Physicians, and specialty healthcare practices, are more than twice as likely to experience mental health problems than the average person. With such an alarmingly high number of physicians experiencing burnout and mental health problem, we decided to write a detailed guide on the top 3 problems physicians were facing and how they can resolve them.
In 2020, Medical Economics conducted a study to understand the problems physicians faced while running their practice. In this study, they asked physicians about their problems and came up with 3 of the most troublesome issues facing U.S. physicians.
Here’s what physicians had to say:
Problem #1 Administrative Burdens & Paperwork
Physicians and healthcare professionals at specialty practices list ‘administrative burdens’ and ‘paperwork’ as the most hectic tasks running their practice throughout multiple studies and across multiple specialties.
Physicians regularly rank the time and energy they must dedicate to filling out forms and other administrative activities at or at the top of their list of concerns in numerous polls and studies across specialties. “This isn’t why I got into medicine” is a common refrain heard throughout the field.
Electronic health records (EHR), which are currently used by more than 90% of office-based clinicians, exacerbate the situation. EHRs, which were once considered a tool to expedite data documentation exchange, has turned into a huge time suck. Physicians in outpatient settings spend roughly 27% of their day on direct clinical face time with patients, but 49% on EHRs and desk work, according to research published in Annals of Internal Medicine in December 2016. Many people additionally worked on EHR-related duties for up to two hours every evening.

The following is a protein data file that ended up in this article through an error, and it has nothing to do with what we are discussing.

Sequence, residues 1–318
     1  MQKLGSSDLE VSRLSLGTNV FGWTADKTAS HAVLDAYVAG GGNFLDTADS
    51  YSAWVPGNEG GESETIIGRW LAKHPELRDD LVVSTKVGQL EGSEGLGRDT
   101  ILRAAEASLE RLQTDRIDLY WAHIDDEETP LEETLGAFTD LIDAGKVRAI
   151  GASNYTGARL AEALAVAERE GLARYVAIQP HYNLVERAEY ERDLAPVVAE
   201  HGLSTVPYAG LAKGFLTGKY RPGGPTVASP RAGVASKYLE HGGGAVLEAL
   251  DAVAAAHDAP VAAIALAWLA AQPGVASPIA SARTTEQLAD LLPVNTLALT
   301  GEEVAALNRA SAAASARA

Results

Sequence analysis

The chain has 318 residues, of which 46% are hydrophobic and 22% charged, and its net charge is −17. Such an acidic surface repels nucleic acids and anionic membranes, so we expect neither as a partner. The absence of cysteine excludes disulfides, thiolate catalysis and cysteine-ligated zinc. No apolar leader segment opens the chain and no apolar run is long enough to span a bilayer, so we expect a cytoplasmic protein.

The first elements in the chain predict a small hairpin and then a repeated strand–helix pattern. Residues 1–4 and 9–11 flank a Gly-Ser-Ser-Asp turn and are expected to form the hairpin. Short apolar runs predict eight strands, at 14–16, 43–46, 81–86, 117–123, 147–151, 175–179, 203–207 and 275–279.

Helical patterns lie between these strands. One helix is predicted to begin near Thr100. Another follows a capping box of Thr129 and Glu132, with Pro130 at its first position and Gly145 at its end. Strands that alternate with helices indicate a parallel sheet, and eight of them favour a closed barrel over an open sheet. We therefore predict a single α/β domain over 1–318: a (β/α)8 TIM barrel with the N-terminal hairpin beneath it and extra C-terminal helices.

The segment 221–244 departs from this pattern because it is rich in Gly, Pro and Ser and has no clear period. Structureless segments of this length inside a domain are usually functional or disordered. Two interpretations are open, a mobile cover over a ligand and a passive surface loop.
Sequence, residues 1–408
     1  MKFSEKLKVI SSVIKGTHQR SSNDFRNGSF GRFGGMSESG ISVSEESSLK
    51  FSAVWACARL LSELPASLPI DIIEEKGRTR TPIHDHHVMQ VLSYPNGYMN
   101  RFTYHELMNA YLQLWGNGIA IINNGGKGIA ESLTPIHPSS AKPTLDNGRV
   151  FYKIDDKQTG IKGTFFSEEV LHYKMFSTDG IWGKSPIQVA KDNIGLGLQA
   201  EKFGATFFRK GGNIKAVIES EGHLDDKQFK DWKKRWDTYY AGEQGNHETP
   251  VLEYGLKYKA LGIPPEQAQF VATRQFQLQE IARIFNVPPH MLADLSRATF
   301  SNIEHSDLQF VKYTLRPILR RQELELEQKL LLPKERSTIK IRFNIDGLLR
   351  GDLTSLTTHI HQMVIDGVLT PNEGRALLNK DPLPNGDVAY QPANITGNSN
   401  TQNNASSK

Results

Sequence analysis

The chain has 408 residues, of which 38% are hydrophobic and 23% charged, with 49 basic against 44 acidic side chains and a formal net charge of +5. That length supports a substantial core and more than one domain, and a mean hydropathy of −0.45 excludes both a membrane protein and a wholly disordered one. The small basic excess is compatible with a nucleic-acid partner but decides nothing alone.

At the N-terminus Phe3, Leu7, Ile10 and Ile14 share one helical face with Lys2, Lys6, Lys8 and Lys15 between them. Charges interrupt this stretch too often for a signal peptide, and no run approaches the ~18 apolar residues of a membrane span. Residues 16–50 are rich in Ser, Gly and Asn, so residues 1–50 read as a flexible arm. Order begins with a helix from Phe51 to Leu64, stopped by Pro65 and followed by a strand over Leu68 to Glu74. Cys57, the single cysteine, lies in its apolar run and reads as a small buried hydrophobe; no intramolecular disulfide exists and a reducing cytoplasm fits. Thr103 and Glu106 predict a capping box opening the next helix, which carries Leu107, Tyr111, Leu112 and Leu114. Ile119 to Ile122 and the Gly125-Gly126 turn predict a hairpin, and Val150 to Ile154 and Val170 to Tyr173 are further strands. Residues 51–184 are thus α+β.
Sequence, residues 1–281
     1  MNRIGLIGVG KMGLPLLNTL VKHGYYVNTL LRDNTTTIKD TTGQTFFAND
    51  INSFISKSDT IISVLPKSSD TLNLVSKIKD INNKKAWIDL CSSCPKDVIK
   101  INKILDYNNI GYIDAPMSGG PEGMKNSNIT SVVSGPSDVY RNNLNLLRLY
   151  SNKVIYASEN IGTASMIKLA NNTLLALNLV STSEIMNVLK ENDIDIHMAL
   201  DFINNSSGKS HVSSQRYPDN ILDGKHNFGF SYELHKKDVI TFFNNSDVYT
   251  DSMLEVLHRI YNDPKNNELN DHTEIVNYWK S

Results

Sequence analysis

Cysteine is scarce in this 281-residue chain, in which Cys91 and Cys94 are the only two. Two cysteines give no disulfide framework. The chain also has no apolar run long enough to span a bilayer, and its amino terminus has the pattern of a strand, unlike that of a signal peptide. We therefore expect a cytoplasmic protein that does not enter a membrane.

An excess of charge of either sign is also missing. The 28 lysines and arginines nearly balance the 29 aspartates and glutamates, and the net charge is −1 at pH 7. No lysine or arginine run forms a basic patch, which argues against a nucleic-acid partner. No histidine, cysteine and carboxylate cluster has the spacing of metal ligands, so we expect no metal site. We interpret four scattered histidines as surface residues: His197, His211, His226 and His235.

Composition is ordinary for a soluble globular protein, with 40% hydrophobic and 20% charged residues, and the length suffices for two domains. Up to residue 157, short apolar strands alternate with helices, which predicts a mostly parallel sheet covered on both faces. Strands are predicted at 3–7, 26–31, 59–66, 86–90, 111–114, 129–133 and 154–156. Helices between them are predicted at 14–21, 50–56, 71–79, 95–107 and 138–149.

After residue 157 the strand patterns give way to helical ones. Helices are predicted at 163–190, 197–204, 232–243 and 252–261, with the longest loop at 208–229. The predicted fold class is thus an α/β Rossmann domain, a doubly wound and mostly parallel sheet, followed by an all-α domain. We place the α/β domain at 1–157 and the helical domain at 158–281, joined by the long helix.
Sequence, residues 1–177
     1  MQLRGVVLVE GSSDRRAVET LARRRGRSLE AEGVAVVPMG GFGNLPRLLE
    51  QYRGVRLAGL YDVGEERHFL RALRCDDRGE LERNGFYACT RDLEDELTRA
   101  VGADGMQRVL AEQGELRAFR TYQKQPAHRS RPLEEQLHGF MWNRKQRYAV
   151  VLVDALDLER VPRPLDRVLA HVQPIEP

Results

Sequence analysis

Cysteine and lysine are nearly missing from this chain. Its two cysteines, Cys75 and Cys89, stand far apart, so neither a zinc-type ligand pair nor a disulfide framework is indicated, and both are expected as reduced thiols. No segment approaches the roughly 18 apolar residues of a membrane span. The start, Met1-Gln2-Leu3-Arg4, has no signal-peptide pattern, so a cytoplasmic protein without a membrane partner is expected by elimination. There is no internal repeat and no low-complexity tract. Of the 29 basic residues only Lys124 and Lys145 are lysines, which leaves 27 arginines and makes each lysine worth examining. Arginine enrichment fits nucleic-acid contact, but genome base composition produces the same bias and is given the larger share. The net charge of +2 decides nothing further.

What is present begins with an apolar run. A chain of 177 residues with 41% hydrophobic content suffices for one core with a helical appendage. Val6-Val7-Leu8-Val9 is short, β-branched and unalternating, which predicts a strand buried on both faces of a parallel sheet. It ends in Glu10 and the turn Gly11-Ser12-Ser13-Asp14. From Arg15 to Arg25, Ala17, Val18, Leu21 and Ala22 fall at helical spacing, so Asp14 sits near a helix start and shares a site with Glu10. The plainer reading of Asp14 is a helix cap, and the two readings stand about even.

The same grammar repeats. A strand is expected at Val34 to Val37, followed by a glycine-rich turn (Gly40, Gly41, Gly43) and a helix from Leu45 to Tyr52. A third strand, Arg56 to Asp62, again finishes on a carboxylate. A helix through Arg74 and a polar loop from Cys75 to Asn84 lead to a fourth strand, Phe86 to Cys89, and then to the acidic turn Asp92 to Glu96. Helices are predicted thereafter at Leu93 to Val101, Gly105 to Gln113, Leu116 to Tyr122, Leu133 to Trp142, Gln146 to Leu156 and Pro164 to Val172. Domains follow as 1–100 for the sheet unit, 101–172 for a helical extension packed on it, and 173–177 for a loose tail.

Another cause of administrative burdens for physicians and their staff is the rising variety of treatments and drugs that require prior permission from payers. According to an AMA study from 2020, 86 percent of respondents rated the administrative burden of previous authorizations as “high or extremely high.”
Prior authorizations required an average of more than 16 hours per week of practice time, according to respondents to the Medical Economics® Physician Report, with 11.6 hours for staff members and 4.6 hours for themselves.
So should we not use EHRs?
Not exactly. EHR and Practice Management software help simplify a lot of the work physicians need to do. Doing all that manually is nearly impossible. Instead, here’s what you can do.
First, find EMR/PM software for your practice that could be a good fit. Companies like athenahealth, AdvancedMD, eCW are all good options. Second, once you’ve compiled a top EHR/PM list, start listing down each of their value compared to their pricing. Whichever provides the highest value is the right choice for your practice.
Problem #2 Managing Payments & Influx of Patients
Knowing the subtleties of medical coding to ensure payment is maximized and spotting trends that keep patients coming back are required to keep a practice operating.
According to the 2020 Medical Economics® Physician Report, getting paid is consistently rated as a top concern affecting physicians.